Will Vigar

poet. writer. imposter.



The far barn was off limits;

a mantra drummed into us

from the day we moved in.

No access to be had beyond


the rotting stiles and snow

weathered paint that flaked

like falling sycamore keys

into black silage tea.


Slinking through the shadows

to dry rib doors with rust crackled

hinges and into charcoal gloom.

A steel arachnopolis of derelict


tractors and combineds resolves

as eyes adjust to a glut of dull

blades threatening to shiv,

as winter brittle sun bayonets


dust and gloam. Breath – misted –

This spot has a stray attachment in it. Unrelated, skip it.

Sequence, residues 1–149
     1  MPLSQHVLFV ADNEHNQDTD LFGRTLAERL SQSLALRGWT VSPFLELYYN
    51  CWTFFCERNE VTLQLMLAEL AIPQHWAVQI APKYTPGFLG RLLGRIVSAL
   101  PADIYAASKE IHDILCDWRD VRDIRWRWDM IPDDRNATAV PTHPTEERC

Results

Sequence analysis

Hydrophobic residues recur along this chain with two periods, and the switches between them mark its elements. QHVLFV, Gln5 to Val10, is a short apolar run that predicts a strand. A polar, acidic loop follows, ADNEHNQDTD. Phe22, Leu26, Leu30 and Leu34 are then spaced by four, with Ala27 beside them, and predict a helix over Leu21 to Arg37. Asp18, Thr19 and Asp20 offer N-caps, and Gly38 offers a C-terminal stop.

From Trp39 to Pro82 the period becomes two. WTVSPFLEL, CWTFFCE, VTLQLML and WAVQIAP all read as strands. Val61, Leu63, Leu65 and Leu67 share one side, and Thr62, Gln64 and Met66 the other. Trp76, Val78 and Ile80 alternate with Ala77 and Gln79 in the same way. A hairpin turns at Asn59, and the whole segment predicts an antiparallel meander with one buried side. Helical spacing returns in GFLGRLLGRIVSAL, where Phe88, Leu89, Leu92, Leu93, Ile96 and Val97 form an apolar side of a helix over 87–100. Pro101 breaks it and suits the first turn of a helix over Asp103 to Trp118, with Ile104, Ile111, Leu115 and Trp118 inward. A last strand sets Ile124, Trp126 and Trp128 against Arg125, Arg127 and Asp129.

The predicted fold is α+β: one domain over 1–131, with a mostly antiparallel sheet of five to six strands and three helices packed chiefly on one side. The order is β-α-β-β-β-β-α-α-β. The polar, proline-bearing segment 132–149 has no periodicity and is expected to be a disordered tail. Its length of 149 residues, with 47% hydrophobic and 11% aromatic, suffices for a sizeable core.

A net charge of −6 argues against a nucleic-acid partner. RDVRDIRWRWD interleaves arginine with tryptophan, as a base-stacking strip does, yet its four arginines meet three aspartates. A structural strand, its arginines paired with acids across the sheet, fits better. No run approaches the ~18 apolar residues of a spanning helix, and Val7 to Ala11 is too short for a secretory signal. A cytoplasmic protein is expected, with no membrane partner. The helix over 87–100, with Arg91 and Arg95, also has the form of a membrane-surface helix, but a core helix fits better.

wheezes from behind grey

stone wall and – curious – I pass

between web and trembling


shank to its forlorn source.

The stud bull, body crammed,

into a cell; too small. Job done,

abandoned until spring.


Head and horns stretch for

the elusive lambent shard,

brown eyes glaring.  Gently

cooing, I reach to stroke his


brow. He starts and yawps, unused

to contact; confused by a moment

of caring.  I knew better than

to open his pen and instead, turned


and pulled at the corrugated iron

holding the brittle laithe door together;

flooding his cell with sunshine

and fresh breeze. Eyes now closed,


he basks.












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This entry was posted on August 28, 2017 by in Poem, poem of the day, Poetry, Will Vigar and tagged , , , , , , , , , , , , .
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